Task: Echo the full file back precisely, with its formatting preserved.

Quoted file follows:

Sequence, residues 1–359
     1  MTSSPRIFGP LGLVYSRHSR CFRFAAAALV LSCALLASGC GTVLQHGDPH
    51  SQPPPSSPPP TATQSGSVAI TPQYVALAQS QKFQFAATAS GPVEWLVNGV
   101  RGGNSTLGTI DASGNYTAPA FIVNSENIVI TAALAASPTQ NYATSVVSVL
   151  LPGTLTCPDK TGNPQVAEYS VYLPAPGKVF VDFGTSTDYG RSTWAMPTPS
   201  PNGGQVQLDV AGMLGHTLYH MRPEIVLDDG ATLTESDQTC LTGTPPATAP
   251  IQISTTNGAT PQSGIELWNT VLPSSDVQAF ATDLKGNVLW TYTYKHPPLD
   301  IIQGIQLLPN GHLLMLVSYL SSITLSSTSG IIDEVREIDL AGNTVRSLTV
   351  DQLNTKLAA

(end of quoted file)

Sequence, residues 1–359
     1  MTSSPRIFGP LGLVYSRHSR CFRFAAAALV LSCALLASGC GTVLQHGDPH
    51  SQPPPSSPPP TATQSGSVAI TPQYVALAQS QKFQFAATAS GPVEWLVNGV
   101  RGGNSTLGTI DASGNYTAPA FIVNSENIVI TAALAASPTQ NYATSVVSVL
   151  LPGTLTCPDK TGNPQVAEYS VYLPAPGKVF VDFGTSTDYG RSTWAMPTPS
   201  PNGGQVQLDV AGMLGHTLYH MRPEIVLDDG ATLTESDQTC LTGTPPATAP
   251  IQISTTNGAT PQSGIELWNT VLPSSDVQAF ATDLKGNVLW TYTYKHPPLD
   301  IIQGIQLLPN GHLLMLVSYL SSITLSSTSG IIDEVREIDL AGNTVRSLTV
   351  DQLNTKLAA